Another in the series of podcasts where Howard Ingham and I watch a film we’d not previously seen and then have a chat about it. This time it’s latter day Johnny Depp enabler Gore Verbinski’s box office bomb A Cure for Wellness (2017).
You can stream the podcast here:
A Cure for Wellness borrows liberally from a variety of film sources but one thing we didn’t really have time to cover in enough depth during the podcast was the setting.
The sanatorium, set high in the Swiss Alps with its purifying air (and deadly water, see the podcast) cuts the patients off from their previous lives both physically and emotionally. The film is only the latest in a long line to make the awesome nature of mountains key to a story’s aesthetic.
Mountains are impassive, uncaring, democratic. Heroes and villains are destroyed alike. With in-built metaphor, mountains are obvious playgrounds for drama. They provide exciting back drops for James Bond or Sherlock Holmes but are also key players in addressing humanity’s relationship with the natural world.
The Epic of Everest (John Noel, 1924) is made all the more tragic and terrifying because the events depicted are 100% real, as is the vulnerability and bravery of the souls immortalised. Films like Touching The Void (Kevin Macdonald, 2003) and North Face (Philipp Stölzl, 2008) build on Noel’s work with further tales based on true stories, but mountains can also be used in other, more subtle ways.
The timing of an avalanche in Force Majeure (Ruben Östlund, 2014) threatens to rip a family apart when the husband seems intent on saving himself ahead of his children. The Wyoming Mountains provide the solace and spiritual home of Ennis and Jack’s relationship in Brokeback Mountain (Ang Lee, 2005).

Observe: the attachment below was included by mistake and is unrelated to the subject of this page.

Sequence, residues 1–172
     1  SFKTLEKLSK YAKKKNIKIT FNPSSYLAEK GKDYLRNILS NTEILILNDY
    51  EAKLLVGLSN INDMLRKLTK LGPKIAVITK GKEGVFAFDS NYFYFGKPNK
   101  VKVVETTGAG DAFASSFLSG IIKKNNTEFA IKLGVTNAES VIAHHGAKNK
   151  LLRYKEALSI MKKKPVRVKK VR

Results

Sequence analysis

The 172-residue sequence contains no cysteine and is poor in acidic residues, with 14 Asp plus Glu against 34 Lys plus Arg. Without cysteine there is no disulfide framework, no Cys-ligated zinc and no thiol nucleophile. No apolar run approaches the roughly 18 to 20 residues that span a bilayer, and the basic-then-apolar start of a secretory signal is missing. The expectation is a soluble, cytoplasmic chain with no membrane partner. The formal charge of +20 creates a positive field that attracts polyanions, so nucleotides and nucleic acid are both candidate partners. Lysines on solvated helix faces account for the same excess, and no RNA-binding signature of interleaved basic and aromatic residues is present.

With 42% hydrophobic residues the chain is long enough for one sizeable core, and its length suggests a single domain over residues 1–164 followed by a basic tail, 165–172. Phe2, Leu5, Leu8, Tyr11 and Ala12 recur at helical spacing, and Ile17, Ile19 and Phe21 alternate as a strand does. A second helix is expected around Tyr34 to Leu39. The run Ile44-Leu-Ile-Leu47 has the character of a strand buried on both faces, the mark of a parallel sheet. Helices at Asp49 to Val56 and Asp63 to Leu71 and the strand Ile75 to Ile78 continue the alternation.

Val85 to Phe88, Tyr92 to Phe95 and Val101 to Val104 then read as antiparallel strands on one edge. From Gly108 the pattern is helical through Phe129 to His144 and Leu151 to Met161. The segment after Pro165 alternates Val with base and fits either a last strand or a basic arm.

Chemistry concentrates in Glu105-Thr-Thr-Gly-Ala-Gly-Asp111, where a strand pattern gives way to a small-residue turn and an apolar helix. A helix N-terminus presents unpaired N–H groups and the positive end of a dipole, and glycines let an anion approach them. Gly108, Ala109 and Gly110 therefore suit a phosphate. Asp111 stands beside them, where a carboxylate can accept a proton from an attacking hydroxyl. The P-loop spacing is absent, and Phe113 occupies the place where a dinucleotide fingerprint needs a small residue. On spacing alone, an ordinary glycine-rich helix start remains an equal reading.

Mountains are also a constant source of inspiration, from the Tang Dynasty poet Hanshan to the English Romantics of the eighteenth and nineteenth centuries. In more recent times Robert Macfarlane explores Western attitudes to mountains in Mountains of the Mind (2003).
Mountains are also used to isolate, Jonathan Harker knows he is a prisoner as much because of the Carpathian Mountains as Dracula himself in Bram Stoker’s 1897 novel. Both HP Lovecraft’s At the Mountains of Madness (1936) and Mervyn Peake’s Gormenghast stories (1946-59, 2009) describe habitats cut off by natural setting containing horrific or at least unusual inhabitants.
Of course such isolation can also provide solace from the wider world, which bring us full circle to A Cure for Wellness and perhaps its biggest influence, Thomas Mann’s The Magic Mountain (1924). Telling the story of a young man who visits a sick cousin in a sanatorium in the Swiss Alps. Inside he finds a microcosm of Western Society and its ills, and is convinced to stay by the institute’s director. And that is pretty much straight up the premise of A Cure for Wellness.
I’ll leave the last word on this to Gore Verbinski himself:
“Well, there’s this book by Thomas Mann called The Magic Mountain that we’re both fans of, and that book deals with people in a sanatorium in the Alps, clutching on to their sickness like a badge before the outbreak of World War I. We wanted to explore this sense of denial and say, well, what if that was a genre?”1,